Kim Black Interview Published on: 26, Feb 2020

Where did you grow up, and what kind of child would you say you were?

I grew up in the Texas Panhandle. (In the center of the square part at the top.)

What was your major in college? When did you first realize that you wanted to be a full-time author?

I didn’t graduate from college. I apprenticed as a home designer in our family business. But I knew I wanted to be a writer after the first time I read “Little Women.”

When did you start pursuing a writing career full-time? Do you ever regret not starting sooner?

I started working toward writing full-time about ten years ago. I still have a “day job,” but with every book I publish, I’m a little closer to my full-time goal. While I wish I were already there, I feel that I have entered writing and publishing at such a wonderful time, that I don’t regret any of the lessons I’ve learned along the way.

What do you love most about writing science fiction? What do you like least?

Sci-fi is such a broad term; I love that it embodies every “leap” in technology. I adore how Ray Bradbury took a simple approach and how Gene Roddenberry got a bit more fantastic with his tech. I hope that my technology always remains secondary to the characters. I feel that’s most effective. What I like least is that lots of the fictional technology I imagine when I start the story is often reality by the time I’m finished.

What was your inspiration behind the story of "Shooting Stars Traveling Circus"? How long did it take you to write, and how long of that time was time taken for research?

“Shooting Stars” was inspired by a mixture of influences. I’ve always loved Annie Oakley and considered her a real rebel in history. I used several of her quotes to drive aspects of the story. Other influences are classic westerns and classic sci-fi. More recently, I’ve loved the series “Firefly.” It took me about three years to outline, research, and write (on and off as I finished my LBD series) and I did a ton of research on training horses, trick shooting, and Buffalo Bill’s Wild West Show. I also wrote a few songs for the book.

Where did you find the inspiration for your character Evan Tyler in "Bare Essentials"?

Evan is really a mix of Audrey Hepburn, James Bond, and Texas Beauty Queen. Her journey from “Little Black Dress” to “Bare Essentials” has her soul-searching and learning about her inner strength.

How did you begin writing The LBD Project? Which was the most challenging book to write in the series?

I began “Little Black Dress” after a flash-fiction exercise at a local library writing series. My characters developed quickly, and the story unfolded into a whole series. I have formed “relationships” with all those characters. The most difficult book in the series was “Red Heels,” not only because it is the middle chapter—which always takes more effort, but also because one of my favorite characters dies in it. I didn’t write for two months when I realized the next chapter was THE death chapter. I rationalized that as long as I didn’t write it, it didn’t happen. I know it’s silly, but I was emotionally wrecked with that one.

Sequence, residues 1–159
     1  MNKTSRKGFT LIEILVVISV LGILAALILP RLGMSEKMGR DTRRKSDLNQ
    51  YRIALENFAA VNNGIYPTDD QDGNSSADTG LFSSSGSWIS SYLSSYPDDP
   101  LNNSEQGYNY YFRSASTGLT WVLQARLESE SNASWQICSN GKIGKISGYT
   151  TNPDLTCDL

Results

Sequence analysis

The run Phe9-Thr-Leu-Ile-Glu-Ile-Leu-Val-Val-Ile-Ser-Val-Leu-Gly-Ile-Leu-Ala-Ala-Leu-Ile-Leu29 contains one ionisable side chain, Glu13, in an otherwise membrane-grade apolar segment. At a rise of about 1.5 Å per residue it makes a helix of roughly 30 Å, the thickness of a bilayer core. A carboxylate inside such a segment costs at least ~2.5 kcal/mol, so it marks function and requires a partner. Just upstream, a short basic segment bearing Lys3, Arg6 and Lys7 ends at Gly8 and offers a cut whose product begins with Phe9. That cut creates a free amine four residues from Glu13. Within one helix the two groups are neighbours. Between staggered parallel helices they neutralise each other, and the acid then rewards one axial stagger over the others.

What did you enjoy most about writing the book "Little Black Dress"?

Writing “Little Black Dress” was a long but joyous experience for me. Researching Paris, France online and through friends was fun. I studied fashion, espionage, and every kind of gadget you can imagine. My family is filled with geeks, so I loved the conversations where we brainstormed as a team to solve the high-tech problems that kept coming up.

How did you come up with the title of your book, "Red Heels"?

In “Little Black Dress,” the DRESS is its own character. It is like Bond’s Aston Martin—laden with armor, gadgets, and gear for my spies. Having the perfect pair of red high heels to go with, it seemed like the natural next step. (no pun intended) And the cherry-red shoes may have a few special features to complement the haute couture ensemble.

What do you think the future holds for writing and the book publishing industry?

I think the audiobook trend will take hold and influence the industry even more than it does now. And I hope that will lead to better-written books, by both traditional and indie published.

What are some hard lessons you learned as a new author that nobody could've prepared you for?

I am often overwhelmed by how much non-writing goes into writing and producing a quality product. I’m presenting a workshop in April about all of the “other stuff” you need to do to get ready to publish. It can be daunting.

What are some ways in which you can relate to the main character, Evan Tyler, of the book, Little Black Dress?

I struggle, as most writers do, with imposter syndrome, and Evan does, too. She feels like a simple Texas girl thrown into another world, desperate to meet other people’s expectations. That part is all me. But for Evan, if she fails, people die. For me, the consequences are not so dire.

What do you like doing apart from writing? What are some of your other interests?

I spend lots of time with my family and close friends, and my intrepid bodyguard, Archie, a sixteen-year-old terrier. (He’s named after Archie Goodwin from the Nero Wolfe novels.)

What book ideas are you currently working on?

I’m currently in the thick of writing a Contemporary Noir Mystery, set in historical downtown Dallas. The twist is that instead of the detective telling his story, the narrator in my novel is the Femme Fatale, a clumsy blonde heiress with a stalker. It’s been loads of fun so far.

How has your experience at AllAuthor been?

I’m enjoying the AllAuthor community, contests, and tools. I feel like I receive great value from the site and through the social media platforms attached.

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